Tea and cigarette sellers have been selling lozenges and other candies at one taka for decades, defying inflationary laws. As loose change disappears from circulation, these candies have become a currency
Twenty years ago, when I was a child, I was particularly fond of milk candies. Every day, I would save some of my tiffin money only to buy them.
Soon after finishing class, I would go to a tin-shed shop near my school gate. In those days, I could buy a candy for Tk1.
In the last twenty years, the price of almost everything has increased significantly. Twenty years ago, you could buy one kilogram of sugar for Tk30. Now it is Tk65. You could buy a litre of milk for only Tk20, now the price is around Tk90.
But one thing has not changed over all these years. The Tk1 candy is still sold at the same price.
In 1997, Pran Dairy Limited launched its first candy product Pran Milk Candy for Tk1. The price of the 2.5gram candy is still the same.
Olympic Industries Limited launched its first candy product Olympic Green Mango in 2011. When it was launched, the company set its price at Tk1. For the last nine years, the company has been selling the candy for the same price.
Whenever you walk past a tea stall, you see jars of assorted candies alongside cigarettes and tea.
Popular Tk1 candy brands include Pran Mr Mango, Pran Aamros Candy, Olympic Tasty Milk and Olympic Jhaal Tetul, Danish Green Mango Candy, Milk Candy, Lichu Candy and Pineapple Candy.
If we count a 5 per cent inflation rate annually for the last 20 years, the value of Tk1 in 2000 will now be Tk2.65
According to Towfiqul Islam Khan, senior research fellow of Centre for Policy Dialogue (CPD), if we count a 5 per cent inflation rate annually for the last 20 years, the value of Tk1 in 2000 will now be Tk2.65.
So how did the candy industry defy the laws in inflation? According to industry insiders, the demand for cheap candies has grown so much over the years that the producers were able to offset price rise of raw materials by expanding production.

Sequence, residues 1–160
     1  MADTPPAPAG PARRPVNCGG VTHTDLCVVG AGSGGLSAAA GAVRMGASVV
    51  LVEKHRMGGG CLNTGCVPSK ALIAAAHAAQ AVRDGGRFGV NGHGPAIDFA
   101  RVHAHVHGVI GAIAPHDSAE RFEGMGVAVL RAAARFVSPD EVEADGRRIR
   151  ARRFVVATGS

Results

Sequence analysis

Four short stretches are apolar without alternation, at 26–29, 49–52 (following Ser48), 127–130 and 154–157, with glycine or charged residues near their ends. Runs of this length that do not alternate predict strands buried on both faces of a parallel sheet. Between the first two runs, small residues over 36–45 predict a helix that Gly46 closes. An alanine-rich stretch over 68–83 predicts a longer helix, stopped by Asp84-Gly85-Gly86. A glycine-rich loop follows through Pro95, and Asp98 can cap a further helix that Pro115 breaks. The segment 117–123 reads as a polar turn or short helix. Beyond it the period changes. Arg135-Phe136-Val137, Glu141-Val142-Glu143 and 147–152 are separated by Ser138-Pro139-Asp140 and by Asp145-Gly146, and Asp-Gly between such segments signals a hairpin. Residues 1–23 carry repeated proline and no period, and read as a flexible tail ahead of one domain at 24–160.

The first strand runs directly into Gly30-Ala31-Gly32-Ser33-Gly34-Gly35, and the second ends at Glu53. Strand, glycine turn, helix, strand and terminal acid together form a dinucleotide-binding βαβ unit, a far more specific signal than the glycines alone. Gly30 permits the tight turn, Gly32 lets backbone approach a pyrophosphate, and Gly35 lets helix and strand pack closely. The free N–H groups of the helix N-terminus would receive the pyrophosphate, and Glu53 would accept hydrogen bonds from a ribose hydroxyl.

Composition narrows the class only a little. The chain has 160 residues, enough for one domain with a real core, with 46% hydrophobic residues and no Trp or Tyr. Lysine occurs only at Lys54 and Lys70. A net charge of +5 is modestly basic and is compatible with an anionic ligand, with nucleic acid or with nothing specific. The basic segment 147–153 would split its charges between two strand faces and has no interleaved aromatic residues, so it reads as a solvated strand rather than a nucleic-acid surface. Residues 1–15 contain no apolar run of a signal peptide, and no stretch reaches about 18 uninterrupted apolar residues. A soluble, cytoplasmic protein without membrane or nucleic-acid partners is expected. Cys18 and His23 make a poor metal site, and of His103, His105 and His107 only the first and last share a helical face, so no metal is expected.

Also, over the years, the country has developed the capacity to produce the raw materials for the candies as well as its packaging, which further contributed to lowering production costs.
How it works
According to industry insiders, the annual candy and chocolate market size is worth Tk2,000 crores. The market is growing at a rate of 12-15 per cent.
Roughly 60 per cent of the candy and chocolate market in Bangladesh is dominated by foreign brands. Foreign brands include Alpen Liebe, Air Action Mentos, and Pnut. The price is Tk1 for all of these candies.
Local food industry giants like Pran-RFL Group and Olympic Industries Limited have also stepped up their production.
Pran-RFL Group has a 20 per cent market share in the candy industry, which is the largest market share of any single company in the country.
In the past the market was small but we had high profit margin. Now the market has expanded, and we have increased the volume of production. Though we are achieving lower profit margins, we are still making a profit because of large-scale production
Kamruzzaman Kamal, director (marketing) of Pran-RFL Group explained some underlying reasons behind keeping the price same. One of the main reasons is production capacity matching surging demand.
"In the past the market was small but we had high profit margin. Now the market has expanded, and we have increased the volume of production. Though we are achieving lower profit margins, we are still making a profit because of large-scale production," explained Kamruzzaman Kamal.
As a company begins large-scale production, it has to buy raw materials and packaging papers in bulk.
"When we bought small amount of raw materials, we had to pay more," said Kamruzzaman, adding that the company's production cost has significantly come down because of large-scale production.
Another important reason is that in the past, the company had to import raw materials as well as packaging papers. Now the packaging papers are being produced locally.